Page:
Director: Kranti Kanade
Rating: 3.5 Stars (out of 5)
Here is another shot in the arm for independent Hindi cinema, which has of late been livened up by the emergence of several unique voices. Writer-director Kranti Kanade is the latest addition to that list. His second fiction feature, CRD, a free-flowing drama set in the world of theatre, dismantles established narrative principles with abandon. It is none the worse for it.
Refreshingly original and delightfully whimsical, this offbeat, difficult-to-categorise film grows steadily on the audience as it wends its way through many captivating feints, none of which is designed for easy comprehension. An air of mystery hangs over the motivations of the characters. Their interactions with each other border on the seductive. And their conflicting creative impulses are illuminating and startling at once. All this makes CRD a film unlike any that we have seen in years.
A handful of scenes into the film, participants in a college theatre rehearsal are told to surrender their mobiles at the very outset. The brash instructor then takes over and subjects his wards to unsettling scrutiny. A new 21-year-old boy on the campus and a girl not quite as uninitiated discover that he isn't an easy man to deal with.
Later in the film, the young male protagonist, who aspires to be a playwright and wants to break free from the control of the unpleasantly autocratic director, visits the co-actress' home. It does not have a television. How do you spend your evenings, he asks the girl's father. Origami, the old man replies matter-of-factly. The boy barely reacts to the revelation but one can safely assume that he isn't unhappy with the household's summary repudiation of the idiot box.
CRD, written jointly by Kanade and playwright Dharmakriti Sumant, cross-references popular Hindi cinema at crucial junctures, uses two passages of line-drawing animation and stresses constantly on role-playing by the characters drawn into imaginary situations as they prep for the upcoming drama contest.
One character expresses a desire to find out what happened to the nondescript Mr. Agarwal, who appeared in a single scene in Deewar, or to the back-row dancer in the Fevicol se... number in Dabangg 2. The film constantly moves from the reflective to the facetious and back without losing its sense of healthy irreverence for all received wisdom. Saucy and stimulating by turns, CRD conjures up a world in which wildly figments of the imagination and the undeniable harsh realities of our times - farmer suicides, the killing of rationalists and dissenters, the rise of an ugly brand of nationalism, rampant war-mongering, crude commercialization of art, gender insensitivity et al - mingle with each other.
Set in present-day Pune against the backdrop of a seven-decade-old one-act collegiate theatre competition, CRD focuses on the art and artifice that goes into stagecraft and storytelling. At the same time, it shines a light on the act of communication, verbal and non-verbal, and its multiple dimensions. What it establishes is that when physical gestures, facial expressions and words are the only connectional currencies liberated from gadgets and gizmos, they can yield more layers of meaning.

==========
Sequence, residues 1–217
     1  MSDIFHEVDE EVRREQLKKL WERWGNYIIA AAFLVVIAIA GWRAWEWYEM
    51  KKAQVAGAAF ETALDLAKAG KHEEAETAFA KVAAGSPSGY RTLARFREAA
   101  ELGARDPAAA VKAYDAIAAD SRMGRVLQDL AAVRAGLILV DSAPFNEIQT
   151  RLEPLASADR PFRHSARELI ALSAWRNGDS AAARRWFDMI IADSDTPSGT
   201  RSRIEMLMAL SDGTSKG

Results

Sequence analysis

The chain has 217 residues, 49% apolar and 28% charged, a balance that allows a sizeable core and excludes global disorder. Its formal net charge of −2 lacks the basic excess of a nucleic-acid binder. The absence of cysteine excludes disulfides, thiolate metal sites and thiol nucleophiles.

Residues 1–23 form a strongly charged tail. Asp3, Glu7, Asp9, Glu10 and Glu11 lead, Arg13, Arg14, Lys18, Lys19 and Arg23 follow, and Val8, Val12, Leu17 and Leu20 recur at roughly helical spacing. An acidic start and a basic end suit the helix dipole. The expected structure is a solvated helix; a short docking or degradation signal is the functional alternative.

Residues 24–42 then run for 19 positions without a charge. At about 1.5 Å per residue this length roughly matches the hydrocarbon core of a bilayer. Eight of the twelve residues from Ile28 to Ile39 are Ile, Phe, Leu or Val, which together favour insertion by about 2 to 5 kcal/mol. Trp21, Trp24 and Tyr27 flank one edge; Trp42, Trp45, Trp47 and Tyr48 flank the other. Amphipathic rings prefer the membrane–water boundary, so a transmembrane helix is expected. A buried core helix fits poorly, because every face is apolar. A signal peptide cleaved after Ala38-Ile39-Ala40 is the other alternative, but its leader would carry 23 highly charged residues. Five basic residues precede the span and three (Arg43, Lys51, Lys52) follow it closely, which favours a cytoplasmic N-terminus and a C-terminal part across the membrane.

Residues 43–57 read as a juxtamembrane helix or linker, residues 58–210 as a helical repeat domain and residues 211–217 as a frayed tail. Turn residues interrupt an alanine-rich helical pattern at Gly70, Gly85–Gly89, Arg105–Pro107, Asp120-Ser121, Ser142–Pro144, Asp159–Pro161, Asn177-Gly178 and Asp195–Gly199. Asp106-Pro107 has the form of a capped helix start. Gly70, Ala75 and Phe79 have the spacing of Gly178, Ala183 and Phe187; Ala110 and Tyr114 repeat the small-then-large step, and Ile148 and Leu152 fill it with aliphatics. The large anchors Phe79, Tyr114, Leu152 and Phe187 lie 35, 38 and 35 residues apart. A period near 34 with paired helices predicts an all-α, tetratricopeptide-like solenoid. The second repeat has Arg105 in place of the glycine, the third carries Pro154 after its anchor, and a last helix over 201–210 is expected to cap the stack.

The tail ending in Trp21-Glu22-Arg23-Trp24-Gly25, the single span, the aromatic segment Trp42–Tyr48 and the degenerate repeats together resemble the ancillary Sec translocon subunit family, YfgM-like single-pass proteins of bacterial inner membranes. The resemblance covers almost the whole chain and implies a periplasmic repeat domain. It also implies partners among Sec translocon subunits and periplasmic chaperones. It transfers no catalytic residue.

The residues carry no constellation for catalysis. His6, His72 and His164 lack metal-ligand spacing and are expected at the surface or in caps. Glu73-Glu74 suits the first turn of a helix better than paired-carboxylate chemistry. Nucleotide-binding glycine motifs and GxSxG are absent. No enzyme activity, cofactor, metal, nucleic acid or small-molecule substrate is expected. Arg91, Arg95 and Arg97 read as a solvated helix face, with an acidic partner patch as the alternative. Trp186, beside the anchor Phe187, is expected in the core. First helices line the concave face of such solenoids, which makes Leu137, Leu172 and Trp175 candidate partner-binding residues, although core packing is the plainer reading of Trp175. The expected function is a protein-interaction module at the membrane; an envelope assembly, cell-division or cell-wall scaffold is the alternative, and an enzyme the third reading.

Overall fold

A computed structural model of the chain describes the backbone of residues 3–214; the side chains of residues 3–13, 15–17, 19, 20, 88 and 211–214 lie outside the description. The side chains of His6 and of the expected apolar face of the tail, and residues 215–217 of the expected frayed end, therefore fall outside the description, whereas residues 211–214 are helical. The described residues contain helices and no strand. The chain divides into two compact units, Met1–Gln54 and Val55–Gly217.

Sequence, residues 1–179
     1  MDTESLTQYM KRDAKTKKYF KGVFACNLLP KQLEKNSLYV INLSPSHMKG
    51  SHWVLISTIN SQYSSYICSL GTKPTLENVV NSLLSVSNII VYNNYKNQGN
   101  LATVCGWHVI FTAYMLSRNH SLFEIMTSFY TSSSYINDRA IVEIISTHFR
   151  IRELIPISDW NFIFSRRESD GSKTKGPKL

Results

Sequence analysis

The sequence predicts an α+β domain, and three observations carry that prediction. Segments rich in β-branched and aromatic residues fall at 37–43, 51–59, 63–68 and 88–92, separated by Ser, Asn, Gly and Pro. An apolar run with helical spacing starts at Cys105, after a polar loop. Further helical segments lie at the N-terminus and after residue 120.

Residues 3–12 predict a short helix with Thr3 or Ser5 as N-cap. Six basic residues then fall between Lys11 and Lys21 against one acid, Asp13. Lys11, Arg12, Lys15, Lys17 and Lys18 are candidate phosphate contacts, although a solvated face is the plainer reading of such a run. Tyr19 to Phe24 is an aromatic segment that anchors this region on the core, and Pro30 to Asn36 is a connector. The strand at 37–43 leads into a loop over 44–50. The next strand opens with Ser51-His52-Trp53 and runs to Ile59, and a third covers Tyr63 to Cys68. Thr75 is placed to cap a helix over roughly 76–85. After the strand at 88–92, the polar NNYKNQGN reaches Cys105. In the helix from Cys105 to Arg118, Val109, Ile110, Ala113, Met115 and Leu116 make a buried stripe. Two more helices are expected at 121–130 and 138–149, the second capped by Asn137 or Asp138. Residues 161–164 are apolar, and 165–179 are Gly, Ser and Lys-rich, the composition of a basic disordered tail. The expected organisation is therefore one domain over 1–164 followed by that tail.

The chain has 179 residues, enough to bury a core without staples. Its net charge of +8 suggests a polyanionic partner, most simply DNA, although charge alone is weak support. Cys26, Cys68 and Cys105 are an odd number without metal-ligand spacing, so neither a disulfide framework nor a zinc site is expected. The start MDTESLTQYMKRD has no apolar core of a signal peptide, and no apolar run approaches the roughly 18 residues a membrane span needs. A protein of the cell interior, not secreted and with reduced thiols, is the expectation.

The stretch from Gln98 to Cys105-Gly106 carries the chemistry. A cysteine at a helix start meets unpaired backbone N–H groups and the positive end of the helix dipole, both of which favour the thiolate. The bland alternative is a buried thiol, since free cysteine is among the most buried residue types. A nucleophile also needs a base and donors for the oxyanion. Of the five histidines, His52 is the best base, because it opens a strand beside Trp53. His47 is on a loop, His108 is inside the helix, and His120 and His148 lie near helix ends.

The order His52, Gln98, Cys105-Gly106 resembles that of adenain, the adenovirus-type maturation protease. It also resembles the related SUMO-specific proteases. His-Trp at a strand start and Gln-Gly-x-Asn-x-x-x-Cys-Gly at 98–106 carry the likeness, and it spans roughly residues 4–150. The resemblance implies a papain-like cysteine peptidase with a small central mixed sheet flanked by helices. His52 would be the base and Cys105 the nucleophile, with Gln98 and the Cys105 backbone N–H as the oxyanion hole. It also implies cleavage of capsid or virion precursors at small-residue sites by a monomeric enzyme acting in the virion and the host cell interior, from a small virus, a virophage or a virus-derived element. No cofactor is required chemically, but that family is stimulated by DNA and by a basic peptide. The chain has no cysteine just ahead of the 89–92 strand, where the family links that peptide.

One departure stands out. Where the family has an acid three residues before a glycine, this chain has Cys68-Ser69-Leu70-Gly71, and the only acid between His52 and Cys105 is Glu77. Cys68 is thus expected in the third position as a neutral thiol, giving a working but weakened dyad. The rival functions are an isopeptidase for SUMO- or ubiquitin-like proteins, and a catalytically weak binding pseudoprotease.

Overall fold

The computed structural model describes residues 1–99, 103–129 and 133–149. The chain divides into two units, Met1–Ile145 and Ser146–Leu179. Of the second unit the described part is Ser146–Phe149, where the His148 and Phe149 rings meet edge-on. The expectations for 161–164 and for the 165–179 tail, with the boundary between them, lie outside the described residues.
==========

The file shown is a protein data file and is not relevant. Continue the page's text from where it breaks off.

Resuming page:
CRD does just that. This film is the work of a relatively new director clearly endowed with a determinedly independent spirit. He embraces devices that are entirely his own, flitting back and forth between the playful and provocative to probe the flip side of the desire for victory at all cost.
The male protagonist, Chetan Ranjit Deshmukh (debutant Saurabh Saraswat), the abbreviation of whose name gives the film its title, lands in a major Pune college from a village and does nothing at all to fit in. He befriends Persis (Mrinmayee Godbole), the institution's principal actress, after a teacher Veena (Geetika Tyagi) advises him: "Group ka hissa bano, sabke ke saath milke process ko dekho. (Be a part of the team, watch the process unfold)."
Because of his physical likeness with a talented ex-student, Chetan is mistaken as the latter's brother, especially by Veena, the old boy's muse. Chetan's approach to theatre runs counter to that of Mayank (Vinay Sharma), another old boy roped in to direct the college play that will compete at the prestigious Purushottam Karandak. "Everything is about winning," he declares. "Whatever wins ultimately influences the world."
Chetan's boyish wonderment and enthusiasm is contrasted with Mayank's dull certitudes, which express themselves in a play about two Indian soldiers and a Pakistani POW that upholds popular notions of nationalism and heroism. Chetan breaks away from the group and decides to go his own way and compete with a play that isn't regressive.
He zeroes in on the bespectacled Dipti (Isha Keskar) as his lead actress. "If the script is great, it doesn't matter who the actor is," Chetan preens and proceeds to throw Mayank and his cohorts a challenge.
(Viewer discretion advised. Some content in this video may be unsuitable for children.)
Informed with puckish humour and pungent punches targeted at established notions of winning and losing, CRD is a cinematic jigsaw puzzle that demands more than the usual levels of concentration. It repays patience in handsome ways: the rewards rest primarily on the oddness that hovers teasingly over every frame of the film in terms of both style and substance.
In a conscious design, the film draws our attention to the wide eyes and expressive faces of Mrinmayee Godbole, Saurabh Saraswat, Vinay Sharma, Isha Keskar and Geetika Tyagi in scene after scene. The actors respond to the challenge with skill and gusto.
CRD is a classy, satisfying, magnificently inventive package. It heralds the birth of a filmmaker who clearly has the makings of a path-breaker, if he already isn't one.